Thursday, July 21, 2011

Midlands Clusters

by George Fletcher

Congratulations to Amy Love, who has already been promoted from Senior Manager of Global Business Development to Marketing and Communications Director at the SC Department of Commerce. In that role, she will be in constant contact with the Governor, the Secretary of Commerce and his senior staff. I know she will do a great job.

I have not used this blog as I should have. In the post Amy world of New Carolina communications, I will try to improve.

On Tuesday, July 19, I attended a meeting of the Midlands Cluster Oversight Committee. This group is Chaired by Cathy Novinger and has approximately 20 members. Staffing is being provided by Neil McLean and Sagacious Partners. This is an excellent model for regional clusters, especially when Cathy and Neil provide the leadership.

The committee has identified four cluster areas: Clean Energy (specifically Fuel Cells and Nuclear), Insurance and Health Care Technology, Health Care/Health Sciences. With nuclear, they are taking our multi-state approach and finding niches that can be specifically applied to the Midlands.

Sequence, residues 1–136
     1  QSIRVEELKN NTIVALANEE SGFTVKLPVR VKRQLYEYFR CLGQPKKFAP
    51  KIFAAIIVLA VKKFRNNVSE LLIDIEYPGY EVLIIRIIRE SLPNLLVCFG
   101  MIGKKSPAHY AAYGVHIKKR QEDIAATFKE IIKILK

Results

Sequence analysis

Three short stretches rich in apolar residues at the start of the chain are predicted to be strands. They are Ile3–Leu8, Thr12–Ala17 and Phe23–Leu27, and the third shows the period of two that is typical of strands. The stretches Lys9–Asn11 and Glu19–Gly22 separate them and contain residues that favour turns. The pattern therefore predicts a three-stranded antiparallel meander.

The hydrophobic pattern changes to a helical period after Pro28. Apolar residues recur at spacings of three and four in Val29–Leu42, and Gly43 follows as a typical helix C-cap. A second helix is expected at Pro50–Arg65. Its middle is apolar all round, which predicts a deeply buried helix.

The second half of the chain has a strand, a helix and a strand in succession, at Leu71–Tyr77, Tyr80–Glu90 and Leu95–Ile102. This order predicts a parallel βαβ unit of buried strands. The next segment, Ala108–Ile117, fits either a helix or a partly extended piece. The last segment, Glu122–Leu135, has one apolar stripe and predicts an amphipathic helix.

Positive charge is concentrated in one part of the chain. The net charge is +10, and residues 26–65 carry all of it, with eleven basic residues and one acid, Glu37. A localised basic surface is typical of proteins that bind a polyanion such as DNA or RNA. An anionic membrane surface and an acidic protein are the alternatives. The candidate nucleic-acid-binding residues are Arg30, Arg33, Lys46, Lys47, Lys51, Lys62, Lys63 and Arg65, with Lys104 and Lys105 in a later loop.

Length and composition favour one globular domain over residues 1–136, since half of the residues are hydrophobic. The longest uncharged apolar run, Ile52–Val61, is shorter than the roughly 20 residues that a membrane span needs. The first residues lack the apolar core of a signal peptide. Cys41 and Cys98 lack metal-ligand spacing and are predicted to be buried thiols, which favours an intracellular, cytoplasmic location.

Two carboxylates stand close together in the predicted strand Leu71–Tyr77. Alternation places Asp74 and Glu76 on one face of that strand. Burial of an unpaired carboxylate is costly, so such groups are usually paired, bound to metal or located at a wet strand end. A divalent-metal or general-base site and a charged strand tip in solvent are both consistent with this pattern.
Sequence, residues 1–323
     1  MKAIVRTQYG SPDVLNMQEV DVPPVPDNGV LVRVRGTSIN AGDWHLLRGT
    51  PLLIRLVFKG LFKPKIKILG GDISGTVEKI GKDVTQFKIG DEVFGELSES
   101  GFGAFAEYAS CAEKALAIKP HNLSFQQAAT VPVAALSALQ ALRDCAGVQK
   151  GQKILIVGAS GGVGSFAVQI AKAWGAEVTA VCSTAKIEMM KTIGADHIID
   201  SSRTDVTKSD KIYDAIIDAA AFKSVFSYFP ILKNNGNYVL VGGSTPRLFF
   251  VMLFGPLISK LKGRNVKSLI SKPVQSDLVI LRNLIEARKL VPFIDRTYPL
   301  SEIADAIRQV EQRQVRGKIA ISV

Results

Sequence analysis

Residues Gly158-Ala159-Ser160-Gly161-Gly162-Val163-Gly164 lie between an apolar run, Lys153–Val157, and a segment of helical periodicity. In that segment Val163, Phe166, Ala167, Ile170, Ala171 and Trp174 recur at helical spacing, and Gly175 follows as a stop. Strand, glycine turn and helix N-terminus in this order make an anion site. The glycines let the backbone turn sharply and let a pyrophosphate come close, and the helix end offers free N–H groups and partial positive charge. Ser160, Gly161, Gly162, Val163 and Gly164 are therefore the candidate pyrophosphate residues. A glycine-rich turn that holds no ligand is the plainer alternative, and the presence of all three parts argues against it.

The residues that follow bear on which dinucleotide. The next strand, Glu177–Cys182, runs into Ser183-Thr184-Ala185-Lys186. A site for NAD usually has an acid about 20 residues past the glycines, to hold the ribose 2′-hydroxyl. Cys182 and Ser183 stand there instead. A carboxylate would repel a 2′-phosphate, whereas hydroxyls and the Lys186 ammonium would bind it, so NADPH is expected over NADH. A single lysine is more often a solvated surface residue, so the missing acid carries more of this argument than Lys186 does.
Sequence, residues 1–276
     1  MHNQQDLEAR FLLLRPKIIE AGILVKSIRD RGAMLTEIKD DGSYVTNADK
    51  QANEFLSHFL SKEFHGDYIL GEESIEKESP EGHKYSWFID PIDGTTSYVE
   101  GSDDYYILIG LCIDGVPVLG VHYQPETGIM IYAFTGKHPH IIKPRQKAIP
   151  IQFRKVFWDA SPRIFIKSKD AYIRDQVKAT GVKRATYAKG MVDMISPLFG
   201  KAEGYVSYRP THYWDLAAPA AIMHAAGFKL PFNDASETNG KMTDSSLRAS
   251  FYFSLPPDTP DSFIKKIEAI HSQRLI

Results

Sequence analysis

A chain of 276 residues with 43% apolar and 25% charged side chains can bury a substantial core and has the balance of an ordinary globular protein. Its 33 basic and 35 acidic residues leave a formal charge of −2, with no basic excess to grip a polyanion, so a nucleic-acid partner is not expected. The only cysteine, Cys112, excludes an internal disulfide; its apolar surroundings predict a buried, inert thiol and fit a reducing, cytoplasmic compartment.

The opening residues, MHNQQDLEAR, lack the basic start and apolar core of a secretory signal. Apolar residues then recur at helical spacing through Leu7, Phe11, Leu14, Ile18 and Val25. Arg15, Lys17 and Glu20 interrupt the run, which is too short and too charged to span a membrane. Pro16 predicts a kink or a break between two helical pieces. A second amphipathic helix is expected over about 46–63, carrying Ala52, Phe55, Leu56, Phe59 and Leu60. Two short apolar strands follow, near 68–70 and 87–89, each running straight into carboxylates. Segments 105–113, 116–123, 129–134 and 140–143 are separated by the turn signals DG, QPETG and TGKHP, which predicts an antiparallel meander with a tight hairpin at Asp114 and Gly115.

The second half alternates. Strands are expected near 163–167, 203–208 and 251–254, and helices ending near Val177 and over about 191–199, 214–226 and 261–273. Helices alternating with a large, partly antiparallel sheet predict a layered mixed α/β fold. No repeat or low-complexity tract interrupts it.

Many people believe that the next big thing in Nuclear will be Small Modular Reactors (SMR’s). There was a conference in Columbia this spring on SMR’s and nearly 300 people from all over the country paid $2000 to attend a two day conference. These 250 MW units could potentially replace coal plants in the US or provide power to some of the planet’s remotest places. Alaska, for example, has a huge interest in SMR’s. Senior nuclear people at SCANA and the Savannah River Site think that research, testing and manufacturing of these units could and should take place in SC. Congress is considering appropriating $400 million or more to this purpose. One manufacture believes that exports could hit $100 billion by 2030. To put that number in perspective, BMW currently ships 700 cars per day though the Port of Charleston and that amounts to $4.2 billion.

The Midlands Nuclear Cluster group is called NuHub and it demonstrates exactly the kind of private sector driven economic development that is the hallmark of successful cluster strategies.

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